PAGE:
Let Me Tell You a Story
I could start this with ‘Once upon a time’, but then my story would be fiction. What I’m sharing with you is true. Not too long ago I attended a large Home Show held in our area. There were a few hundred vendors and as I strolled by their booths, many tried to get me to listen to their spiels. One in particular was of interest and I listened to his pitch. He seemed knowledgeable and personable and I was sufficiently impressed to have him come to my home to learn more about his product.
Lucky guy, you think. He’s off to a good start. And he was—until he stepped through our front door. Within the first few seconds he commented on our beautiful house, the furnishings, the family photos, what fine people we are, etc. You get the picture. He was grasping at anything to make a connection with us. And it fell flat. Our guard was up and we immediately processed everything he said through our ‘phony filter’.
Have you heard the television commercial that says, “You can’t fake steak.” There are a lot of things you can’t fake—and genuine rapport is one of them. The only way to create rapport is through mutual respect that, in turn, develops into a relationship based on understanding and empathy. Anything less is a dishonest attempt at making a connection.
Prospects can spot a phony in a similar way that four-legged animals do; the sniff test. While the latter use their olfactory senses to determine whom to trust and like, we humans have our own initial test. We’re on our guard. And we don’t drop that guard unless and until we find reasons to do so. With initial social and business interactions, we try to find conversation that has a mutual basis of interests. When a connection is real, we know it.
Break the Rule
You were probably trained to believe that establishing rapport is the first thing you do with new customers. Rapport is essential. But if it isn’t sincere, it’s fake—and they know it. It’s a plea for the prospect to accept you. If you want to create a real environment of mutual trust and respect, break the rule. Stop giving disingenuous compliments. They don’t represent who you really are, nor why you’re calling.
The four-steps sales process that many training manuals offer begin with rapport. Once that’s established, the focus is on the customer’s needs. It’s followed by your presentation and the sale is closed with you overcoming any objections on the prospect’s part. It seems logical, doesn’t it? But it falls short. It doesn’t address the prospect’s first needs; finding a reason to talk with you and allowing a relationship to be formed.
How do you do that? Break the rule. Begin a discussion in which you and your prospect function as equals. You’re not asking for validation here; you’re beginning on a completely different paradigm that encompasses: your prospect’s comfort; your credibility; mutual trust; and operating with you both as equal peers.
What does this mean? To begin with, it means being authentic; being honest. It means being true to yourself and to your customer. You must be charmingly honest—to the point that what you say may, at first observation, be seen as detrimental to your own interests.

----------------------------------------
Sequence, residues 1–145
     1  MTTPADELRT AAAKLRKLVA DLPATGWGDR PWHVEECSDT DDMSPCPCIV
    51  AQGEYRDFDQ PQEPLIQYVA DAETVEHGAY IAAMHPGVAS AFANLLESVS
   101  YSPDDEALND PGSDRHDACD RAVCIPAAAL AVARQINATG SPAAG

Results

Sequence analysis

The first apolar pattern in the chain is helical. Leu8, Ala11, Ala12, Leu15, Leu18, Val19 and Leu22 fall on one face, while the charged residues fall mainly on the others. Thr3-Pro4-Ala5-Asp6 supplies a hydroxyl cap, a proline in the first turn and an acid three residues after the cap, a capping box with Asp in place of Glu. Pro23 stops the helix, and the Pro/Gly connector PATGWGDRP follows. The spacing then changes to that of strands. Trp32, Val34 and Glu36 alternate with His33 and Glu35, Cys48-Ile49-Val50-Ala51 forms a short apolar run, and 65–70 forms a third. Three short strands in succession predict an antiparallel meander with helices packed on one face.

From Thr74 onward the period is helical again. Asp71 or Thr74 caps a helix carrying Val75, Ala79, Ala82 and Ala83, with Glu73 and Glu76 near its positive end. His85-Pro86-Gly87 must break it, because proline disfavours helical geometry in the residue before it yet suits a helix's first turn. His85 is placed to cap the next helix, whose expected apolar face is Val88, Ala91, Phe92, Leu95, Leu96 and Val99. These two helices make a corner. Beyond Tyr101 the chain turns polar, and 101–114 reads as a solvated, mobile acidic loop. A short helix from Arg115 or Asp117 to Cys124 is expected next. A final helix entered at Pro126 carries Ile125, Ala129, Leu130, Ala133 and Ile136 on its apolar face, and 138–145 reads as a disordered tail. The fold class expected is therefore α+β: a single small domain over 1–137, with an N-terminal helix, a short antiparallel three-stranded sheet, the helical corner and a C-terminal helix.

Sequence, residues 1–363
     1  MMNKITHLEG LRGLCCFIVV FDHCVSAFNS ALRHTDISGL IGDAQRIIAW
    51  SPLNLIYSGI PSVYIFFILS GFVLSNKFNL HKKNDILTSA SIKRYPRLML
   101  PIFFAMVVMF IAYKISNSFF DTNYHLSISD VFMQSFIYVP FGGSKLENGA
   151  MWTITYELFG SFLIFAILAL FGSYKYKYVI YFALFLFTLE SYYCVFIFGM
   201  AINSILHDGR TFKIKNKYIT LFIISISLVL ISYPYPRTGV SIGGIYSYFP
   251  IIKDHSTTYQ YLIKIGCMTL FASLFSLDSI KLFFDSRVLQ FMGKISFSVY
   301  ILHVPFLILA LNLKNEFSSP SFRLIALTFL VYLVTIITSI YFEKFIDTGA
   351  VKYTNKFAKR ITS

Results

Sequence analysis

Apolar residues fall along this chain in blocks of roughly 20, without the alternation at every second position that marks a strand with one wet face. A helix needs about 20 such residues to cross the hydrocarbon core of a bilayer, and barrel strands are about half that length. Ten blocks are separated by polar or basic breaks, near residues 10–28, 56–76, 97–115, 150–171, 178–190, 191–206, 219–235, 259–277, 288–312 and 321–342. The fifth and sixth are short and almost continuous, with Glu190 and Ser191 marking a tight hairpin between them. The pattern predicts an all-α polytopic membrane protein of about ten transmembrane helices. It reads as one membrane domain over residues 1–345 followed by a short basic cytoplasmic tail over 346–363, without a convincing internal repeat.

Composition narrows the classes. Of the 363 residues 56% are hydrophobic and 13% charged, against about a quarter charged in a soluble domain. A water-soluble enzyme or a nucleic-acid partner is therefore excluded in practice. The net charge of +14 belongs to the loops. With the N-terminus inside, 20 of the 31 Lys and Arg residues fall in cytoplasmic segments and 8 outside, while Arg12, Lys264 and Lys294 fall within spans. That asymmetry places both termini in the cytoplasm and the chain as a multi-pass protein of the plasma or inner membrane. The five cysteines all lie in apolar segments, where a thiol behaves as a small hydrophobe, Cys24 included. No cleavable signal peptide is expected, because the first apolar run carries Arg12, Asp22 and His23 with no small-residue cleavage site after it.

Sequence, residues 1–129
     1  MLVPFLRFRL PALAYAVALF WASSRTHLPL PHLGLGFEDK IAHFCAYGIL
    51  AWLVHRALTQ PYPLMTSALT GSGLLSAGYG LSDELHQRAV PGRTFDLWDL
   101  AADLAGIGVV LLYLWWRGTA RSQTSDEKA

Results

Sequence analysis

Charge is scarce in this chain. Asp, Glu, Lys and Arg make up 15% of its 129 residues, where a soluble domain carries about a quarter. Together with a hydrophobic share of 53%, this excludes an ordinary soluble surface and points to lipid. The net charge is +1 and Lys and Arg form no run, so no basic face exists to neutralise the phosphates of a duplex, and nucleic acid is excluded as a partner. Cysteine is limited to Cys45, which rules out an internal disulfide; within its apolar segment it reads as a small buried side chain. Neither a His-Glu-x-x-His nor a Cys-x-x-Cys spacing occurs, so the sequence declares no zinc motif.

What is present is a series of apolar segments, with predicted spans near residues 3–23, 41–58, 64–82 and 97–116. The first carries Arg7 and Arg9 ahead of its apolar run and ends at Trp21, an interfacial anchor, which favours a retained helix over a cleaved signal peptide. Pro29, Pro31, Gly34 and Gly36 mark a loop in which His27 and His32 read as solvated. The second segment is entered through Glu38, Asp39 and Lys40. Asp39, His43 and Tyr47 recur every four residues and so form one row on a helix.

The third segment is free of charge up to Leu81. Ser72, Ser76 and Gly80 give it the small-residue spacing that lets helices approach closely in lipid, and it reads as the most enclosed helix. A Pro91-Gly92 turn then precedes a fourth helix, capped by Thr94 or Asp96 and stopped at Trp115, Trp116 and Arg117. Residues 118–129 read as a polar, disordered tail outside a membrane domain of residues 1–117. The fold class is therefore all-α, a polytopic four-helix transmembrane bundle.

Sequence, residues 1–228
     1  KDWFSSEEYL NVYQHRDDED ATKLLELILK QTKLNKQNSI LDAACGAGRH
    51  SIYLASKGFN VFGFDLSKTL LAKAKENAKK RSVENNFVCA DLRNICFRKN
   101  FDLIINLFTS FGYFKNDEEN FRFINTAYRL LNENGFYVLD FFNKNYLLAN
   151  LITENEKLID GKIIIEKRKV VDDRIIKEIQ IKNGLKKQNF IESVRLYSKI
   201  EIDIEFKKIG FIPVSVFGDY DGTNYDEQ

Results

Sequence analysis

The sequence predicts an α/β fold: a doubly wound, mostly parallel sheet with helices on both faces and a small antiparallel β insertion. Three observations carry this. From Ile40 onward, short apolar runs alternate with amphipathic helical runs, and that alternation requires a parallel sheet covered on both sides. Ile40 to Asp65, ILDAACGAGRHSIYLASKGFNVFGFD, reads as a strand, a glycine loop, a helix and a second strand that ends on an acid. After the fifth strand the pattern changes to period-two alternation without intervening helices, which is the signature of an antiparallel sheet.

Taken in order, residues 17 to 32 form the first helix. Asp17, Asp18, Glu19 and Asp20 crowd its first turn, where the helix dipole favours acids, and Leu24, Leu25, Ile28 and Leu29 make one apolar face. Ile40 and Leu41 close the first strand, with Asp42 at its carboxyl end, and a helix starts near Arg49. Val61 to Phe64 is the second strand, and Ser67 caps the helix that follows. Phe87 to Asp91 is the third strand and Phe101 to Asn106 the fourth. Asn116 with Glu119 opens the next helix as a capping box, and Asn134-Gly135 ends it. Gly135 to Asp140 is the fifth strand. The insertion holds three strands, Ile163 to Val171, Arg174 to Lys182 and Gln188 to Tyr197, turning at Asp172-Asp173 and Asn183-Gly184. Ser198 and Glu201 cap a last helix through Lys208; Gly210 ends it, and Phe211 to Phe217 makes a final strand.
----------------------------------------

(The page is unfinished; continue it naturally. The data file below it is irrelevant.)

For example: You place a call to a prospect. Typically, you would have given him/her the standard recital of why s/he should do business with you, listing such reasons as your company’s reputation, competitive pricing, service, quality, etc. The prospect’s heard it all before. Every sales pitch is the same; yada, yada, yada. You haven’t given your prospect a reason to listen to you, much less to trust you.
How can you change this reaction? Instead of your previous recitation of why the prospect should do business with you, try a different approach. In an initial prospecting call for instance:
Prospect: I work with competitor A. Tell me about your company and why I should work with you.
You: I’m glad that you asked me that question. I could tell you that we have very loyal customers. They like our variety of products and value the service we provide after sales are completed. Based upon what you may be looking for and what you’re getting, maybe you should stay where you are; I just don’t know. May I make a suggestion? Let’s back-up a bit. Let me find out what you’re looking for and give you the opportunity to ask me some questions. Then together, we can discover whether working with my company will be of real value to you. And maybe the answer will be ‘no’. But that’s all right, because we may not be right for your needs.
If it turns out that the answer is ‘yes’, then the last few minutes of this call can be spent thinking together about how we can best begin our business relationship. Is all that okay with you?
Let’s Get Real
Switch places here. If you were the prospect, which call would you be more receptive to: the four-step approach with a gratuitous attempt at rapport, or the one that has both of you discussing prospective business as equals?
Giving your prospect a feeling of authenticity and control is a much better way to build rapport. Create an approach using your own words, not mine. Calling your prospects by being the genuine you will do three things. It:
1. Lowers the prospect’s defense wall
2. Increases your own credibility
3. Starts a meaningful conversation
Are you ready to get real?
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